Back to the day's preparations. With a sprinkling of coal on the grates, ignited by the remnants of the previous day's fire, we have begun the process of building steam for today's journey. Now remember, it's crucial that someone monitor the sight glasses and try-cocks in the cab to ensure that the boiler water is kept at a safe level. Occasionally, we're required to inject water into the boiler. If you happen to be walking past the engineer's side of the cab when the injector is activated, be ready for a bath as water rushes out of the drainline under the cab. Keep in mind that it may well take two or three tries to get the injector working. Don't forget that with the throttle closed, you will need to run the blower at a low speed to maintain some draft through the firebox and provide combustion air for the coal you continue to sprinkle in a thin, even layer across the grates. If the tender isn't full of coal, this will also be a good time to climb up and shovel a few tons forward for easy access during the coming trip. And don't forget to monitor the water level in the tender if you are filling it, lest you encounter this:

And never forget to monitor the fire you are establishing.

But you still aren't ready to go. There are more inspections to complete, and more appliances to prepare for service. We won't be going anywhere without compressed air, so it's about time to open the drain cocks on the air pump, give the lubricator 50 turns, and SLOWLY open the steam valve to start the pump. Be sure there is plenty of oil in the pump before starting!

Speaking of oil, we don't want the oil in the pilot truck bearings contaminated with water, so someone will have to crawl under the locomotive and drain each of the four bearings to remove any accumulated water.

With any luck the guy doing this job won't drop one of the plugs. If he does, it makes more work. And on the subject of bearings, be sure to check the journals on the tender.

During this process, be sure to keep an eye open for anything unusual as you walk around the loco-missing cotter keys or pins, loose nuts or bolts, or any of the other myriad of fasteners and components that together create a machine. Only an experienced eye can take in the entirety of the machine and detect that one abnormality that may lead to trouble down the road.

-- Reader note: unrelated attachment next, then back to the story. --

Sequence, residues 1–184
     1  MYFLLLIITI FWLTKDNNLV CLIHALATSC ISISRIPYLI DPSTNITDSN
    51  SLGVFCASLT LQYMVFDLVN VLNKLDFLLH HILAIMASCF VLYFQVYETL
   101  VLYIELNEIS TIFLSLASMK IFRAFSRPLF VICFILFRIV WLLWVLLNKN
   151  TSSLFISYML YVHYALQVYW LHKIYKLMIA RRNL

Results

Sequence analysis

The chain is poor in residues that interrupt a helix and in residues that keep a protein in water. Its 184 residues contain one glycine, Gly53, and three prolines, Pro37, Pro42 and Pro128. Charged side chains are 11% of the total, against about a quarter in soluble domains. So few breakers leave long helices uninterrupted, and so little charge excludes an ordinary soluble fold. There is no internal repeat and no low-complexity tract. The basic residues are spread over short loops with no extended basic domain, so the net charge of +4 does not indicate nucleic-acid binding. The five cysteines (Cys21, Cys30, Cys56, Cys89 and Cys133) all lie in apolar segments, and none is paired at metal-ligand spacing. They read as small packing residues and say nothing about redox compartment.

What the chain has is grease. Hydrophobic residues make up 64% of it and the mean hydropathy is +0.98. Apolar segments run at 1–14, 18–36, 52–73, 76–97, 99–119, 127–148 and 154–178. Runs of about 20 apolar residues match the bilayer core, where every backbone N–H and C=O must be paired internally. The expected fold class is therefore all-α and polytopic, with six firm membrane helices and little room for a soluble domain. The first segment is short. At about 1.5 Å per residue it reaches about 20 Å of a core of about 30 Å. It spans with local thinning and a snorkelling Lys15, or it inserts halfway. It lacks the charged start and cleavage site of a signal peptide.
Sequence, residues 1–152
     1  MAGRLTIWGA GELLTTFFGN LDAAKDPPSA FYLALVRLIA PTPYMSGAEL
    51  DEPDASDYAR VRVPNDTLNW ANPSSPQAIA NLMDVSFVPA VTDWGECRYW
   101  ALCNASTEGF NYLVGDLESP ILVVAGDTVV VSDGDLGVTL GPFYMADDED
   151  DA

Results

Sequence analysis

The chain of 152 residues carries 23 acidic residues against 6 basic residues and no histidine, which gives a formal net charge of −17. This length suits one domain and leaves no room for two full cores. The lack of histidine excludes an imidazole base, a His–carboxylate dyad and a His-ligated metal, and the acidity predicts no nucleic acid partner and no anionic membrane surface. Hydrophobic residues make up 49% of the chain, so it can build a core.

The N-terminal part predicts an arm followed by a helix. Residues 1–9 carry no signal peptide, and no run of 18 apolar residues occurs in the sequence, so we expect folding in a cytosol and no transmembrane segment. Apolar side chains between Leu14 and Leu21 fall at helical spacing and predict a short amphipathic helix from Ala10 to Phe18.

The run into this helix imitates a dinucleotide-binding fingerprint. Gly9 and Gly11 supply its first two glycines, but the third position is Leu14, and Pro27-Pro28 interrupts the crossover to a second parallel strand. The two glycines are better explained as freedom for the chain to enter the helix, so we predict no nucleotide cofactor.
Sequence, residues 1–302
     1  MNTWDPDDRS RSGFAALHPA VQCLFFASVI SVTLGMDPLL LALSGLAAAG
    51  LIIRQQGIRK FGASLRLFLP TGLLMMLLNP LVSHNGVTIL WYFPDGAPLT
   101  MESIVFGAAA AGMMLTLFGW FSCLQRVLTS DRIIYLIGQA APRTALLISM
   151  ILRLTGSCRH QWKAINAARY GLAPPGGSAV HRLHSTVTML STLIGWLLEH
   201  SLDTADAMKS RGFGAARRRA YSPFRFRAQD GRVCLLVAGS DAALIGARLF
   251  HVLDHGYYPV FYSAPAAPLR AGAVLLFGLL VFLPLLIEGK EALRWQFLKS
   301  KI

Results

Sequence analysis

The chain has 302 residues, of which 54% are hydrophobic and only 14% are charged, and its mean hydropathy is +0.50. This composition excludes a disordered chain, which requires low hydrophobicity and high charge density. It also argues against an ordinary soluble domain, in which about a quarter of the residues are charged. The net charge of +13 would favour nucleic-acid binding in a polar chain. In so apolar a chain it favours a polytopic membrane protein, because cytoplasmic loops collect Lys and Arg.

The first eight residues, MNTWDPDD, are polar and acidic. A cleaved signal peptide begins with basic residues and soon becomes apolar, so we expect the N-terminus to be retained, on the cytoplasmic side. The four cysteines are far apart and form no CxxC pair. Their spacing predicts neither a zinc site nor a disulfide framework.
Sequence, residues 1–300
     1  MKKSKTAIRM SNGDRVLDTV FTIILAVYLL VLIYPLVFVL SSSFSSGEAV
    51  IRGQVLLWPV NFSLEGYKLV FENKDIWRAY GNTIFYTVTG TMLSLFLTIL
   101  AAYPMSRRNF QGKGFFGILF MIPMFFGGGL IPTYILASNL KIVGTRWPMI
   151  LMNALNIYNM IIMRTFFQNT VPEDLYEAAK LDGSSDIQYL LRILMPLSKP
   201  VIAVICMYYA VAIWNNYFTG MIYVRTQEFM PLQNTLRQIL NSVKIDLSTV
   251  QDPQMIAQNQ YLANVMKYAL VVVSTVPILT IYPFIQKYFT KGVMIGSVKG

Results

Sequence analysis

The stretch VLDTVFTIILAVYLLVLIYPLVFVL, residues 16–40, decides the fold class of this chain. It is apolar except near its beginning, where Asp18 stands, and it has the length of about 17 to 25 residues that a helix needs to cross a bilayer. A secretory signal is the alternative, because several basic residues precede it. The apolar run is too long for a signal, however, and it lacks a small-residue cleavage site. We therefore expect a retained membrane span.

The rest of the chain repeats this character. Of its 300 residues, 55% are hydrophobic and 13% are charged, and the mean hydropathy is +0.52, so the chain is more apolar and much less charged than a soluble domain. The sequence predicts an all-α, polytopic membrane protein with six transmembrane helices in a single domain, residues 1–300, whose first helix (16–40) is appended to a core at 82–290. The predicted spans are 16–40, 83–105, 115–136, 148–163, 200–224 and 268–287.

As the dynamo comes on-line with the opening of the steam valve feeding it, watch a light to ensure it doesn't burn too bright. Now is the time to detect and fix problems.

With boiler pressure nearing 200 psi and the air pump thunk-thunking its rhythmic song, we are getting very close to ready to go. After a final check of the locomotive, it may be a good time to fortify yourself with a donut before the time to move arrives. This is also the time when a rookie fireman may get instructed in some of the finer points of feeding a boiler, a task which is not made any easier if said rookie happens to want to shovel left-handed. A few glances at the fire, and guidance on a firing pattern, and with a shovel in your hand you make the first tentative attempts at feeding the 2719. I'm not positive, but I think they do this to make you forget what firing will be like with the locomotive underway. It's hard enough standing still, the degree of difficulty goes up with each MPH added to the speedometer as the engine sways back and forth on the rails.

Then, in a great cloud of steam, water, and coal smoke, the time comes to back away from the servicing area. An experienced fireman feeds the firebox a "round" as the engineer backs down the 6/7 lead to the switch, then takes her ahead to run around the train. With boarding and departure fast approaching, we need to have time to pump up the air system on the train, do a brake test, and board passengers. Also there is no way we are leaving without a cooler chock full of water and gatorade on ice for the engine crew.

Now you have been introduced to the process of preparing to leave. Next time, some discussion of what it's like out on the road. Hope you enjoy!